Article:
The car you see here started off as a simple paintjob that came into the Kelly and Sons (“The Crazy Painters”) shop. The owner of the ’57 wanted it shot a Money Green and Titanium Silver two-tone. The crew stripped her down, straightened her out, and Mitch Kelly, the head painter, gave her a fresh coat of PPG water-based paint. Even though Kelly and Sons is a paint shop, the staff is a group of true gearheads, so some mechanical work is not outside their wheelhouse. The customer keyed in on that and started bringing in parts from companies like Danchuk, Hellwig, Soff Seal, Hydratech, Lokar, ididit, and so on.
This dropping-off-parts thing continued for a few months, until one day when the convertible’s owner was in the shop, and struck up a conversation with a different customer. By the end of that discussion, the ’57 changed hands. The new owner had more expectations of what the Tri-Five should be. He wanted the car to have a little more custom on top, the underside to be as nice as the exterior, and he wanted the performance of a late-model car. Mitch and the crew took the body off the chassis and flipped it over to finish the underside. The new owner ordered up an Art Morrison chassis to slip under the car. Mitch and his crew finished all of the new owner’s requests, and it was supposed to be taken away for interior and wiring.
Then, the fully painted Bel Air just sat. Mitch would call once in a while to remind the new owner about his car. This went on for more than a year, until Mitch could no longer look at the half-finished product. He picked up the phone one more time, but instead of a reminder, Mitch threw out an offer. After a little haggling, a deal was struck and the once-forgotten convertible had another new owner—Mitch Kelly.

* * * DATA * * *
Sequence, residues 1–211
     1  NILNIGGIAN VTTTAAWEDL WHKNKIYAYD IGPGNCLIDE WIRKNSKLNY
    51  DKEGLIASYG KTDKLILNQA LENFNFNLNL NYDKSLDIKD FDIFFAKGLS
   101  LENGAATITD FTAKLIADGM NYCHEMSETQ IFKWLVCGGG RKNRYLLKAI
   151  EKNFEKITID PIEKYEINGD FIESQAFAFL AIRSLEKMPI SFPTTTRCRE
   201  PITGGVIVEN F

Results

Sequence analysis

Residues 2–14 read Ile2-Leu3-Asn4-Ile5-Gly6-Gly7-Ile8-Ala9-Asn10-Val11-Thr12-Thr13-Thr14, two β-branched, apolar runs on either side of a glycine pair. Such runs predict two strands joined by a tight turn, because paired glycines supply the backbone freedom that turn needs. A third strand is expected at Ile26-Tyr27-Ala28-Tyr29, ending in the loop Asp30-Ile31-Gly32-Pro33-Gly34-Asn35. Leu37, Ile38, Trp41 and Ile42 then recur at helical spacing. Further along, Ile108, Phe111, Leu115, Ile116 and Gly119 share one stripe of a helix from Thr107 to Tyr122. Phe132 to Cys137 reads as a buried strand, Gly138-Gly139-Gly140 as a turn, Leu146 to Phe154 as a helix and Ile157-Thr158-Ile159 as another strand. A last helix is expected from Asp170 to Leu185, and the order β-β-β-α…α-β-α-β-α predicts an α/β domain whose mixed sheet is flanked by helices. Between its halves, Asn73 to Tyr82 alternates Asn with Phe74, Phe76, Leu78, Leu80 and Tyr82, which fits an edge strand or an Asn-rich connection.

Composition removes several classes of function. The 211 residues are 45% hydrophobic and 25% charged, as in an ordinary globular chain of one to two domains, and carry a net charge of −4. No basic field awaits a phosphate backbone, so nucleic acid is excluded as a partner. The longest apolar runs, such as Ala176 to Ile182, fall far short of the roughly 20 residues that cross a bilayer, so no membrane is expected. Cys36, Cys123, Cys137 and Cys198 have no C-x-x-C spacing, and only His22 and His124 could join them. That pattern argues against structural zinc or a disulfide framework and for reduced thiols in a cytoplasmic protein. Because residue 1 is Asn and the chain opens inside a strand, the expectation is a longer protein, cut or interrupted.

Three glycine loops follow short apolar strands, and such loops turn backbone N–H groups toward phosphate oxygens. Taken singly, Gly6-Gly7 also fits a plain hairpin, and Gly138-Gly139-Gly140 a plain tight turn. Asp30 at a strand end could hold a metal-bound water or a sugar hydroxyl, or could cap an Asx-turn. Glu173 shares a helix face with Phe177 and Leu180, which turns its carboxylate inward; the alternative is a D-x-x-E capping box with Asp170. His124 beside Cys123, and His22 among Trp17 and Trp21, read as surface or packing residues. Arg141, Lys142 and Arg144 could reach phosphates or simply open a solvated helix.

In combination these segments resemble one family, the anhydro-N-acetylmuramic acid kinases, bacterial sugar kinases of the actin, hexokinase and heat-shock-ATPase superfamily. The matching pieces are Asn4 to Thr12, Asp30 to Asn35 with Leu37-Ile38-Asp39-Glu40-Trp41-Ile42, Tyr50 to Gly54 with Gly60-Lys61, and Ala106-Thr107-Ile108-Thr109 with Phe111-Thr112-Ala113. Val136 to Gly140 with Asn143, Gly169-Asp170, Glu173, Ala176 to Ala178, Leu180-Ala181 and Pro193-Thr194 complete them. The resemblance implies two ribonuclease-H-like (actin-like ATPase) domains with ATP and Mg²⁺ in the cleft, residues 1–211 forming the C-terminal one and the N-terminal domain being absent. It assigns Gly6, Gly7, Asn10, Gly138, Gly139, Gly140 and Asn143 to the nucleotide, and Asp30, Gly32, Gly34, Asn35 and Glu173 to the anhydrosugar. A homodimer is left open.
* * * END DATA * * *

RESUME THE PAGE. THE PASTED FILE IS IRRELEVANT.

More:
With a motivated owner, the car was put on the fast track to getting finished. What better way to motivate yourself to finish a car quickly? Commit to taking it to SEMA. And that’s what Mitch did. He told his contacts at PPG about the car, and they wanted it for their booth. Mitch called in a few favors, and with the help of the Kelly and Sons crew, Ron Mangus, Lucky Costa, Dave Willy, and a Tri-Five guru named Fuzzy, the car was finished and made it to SEMA.
Like we stated before, the car is sitting on an Art Morrison GT Sport chassis, but there is more to that. The entire chassis, along with the rearend housing, was smoothed and painted the same silver as the exterior. QA1 coilovers are used to hold the weight, while big Wilwood brakes are employed to slow her down. Strapped to each corner are Raceline Smuggler rims wrapped in Toyo R888 rubber, 18s in front and 20s out back. Mitch added the Money Green to the centers of the rims for a little more continuity. Some tub work was needed to make the massive 315-wide rear tires fit, but other than that, the body is pretty much stock.
Sitting in front of the smoothed firewall, in a sea of polished billet parts, is a Chevrolet Performance Ram Jet 502 that’s good for more than 500 hp. Art Morrison headers and Borla mufflers give the Rat a deep, powerful tone. The entire exhaust system was coated in a new process from Jet Hot that left the pipes a rich green hue. A polished CPP hydroboost brake master, EMS billet parts, Vintage Air compressor, and Mattson custom radiator round out the engine compartment. The big-block is backed by a 700-R4 that runs down a PST carbon-fiber driveshaft to the 9-inch rear end filed with Strange goodies.
The dash has been smoothed, leaving only the Dakota Digital cluster, ididit column, Lokar pedals, and Raceline steering wheel in view. Ron Mangus took on the task of creating an interior that would fit with the two-tone exterior. Green and gray leather was used to expertly cover the Lexus SC430 seats, door panels, and handbuilt console. Ron even took the time to hide a complete Kicker audio system that has enough power to drown out the engine if needed.
Mitch and the entire crew at Kelly and Sons Crazy Painters did an excellent job taking over this project and making it their own. Mitch says he really enjoys driving it with the top down and letting the big-block sing. It must be a blast to catch people off guard as this show car is able to out-corner them when the roads get twisty.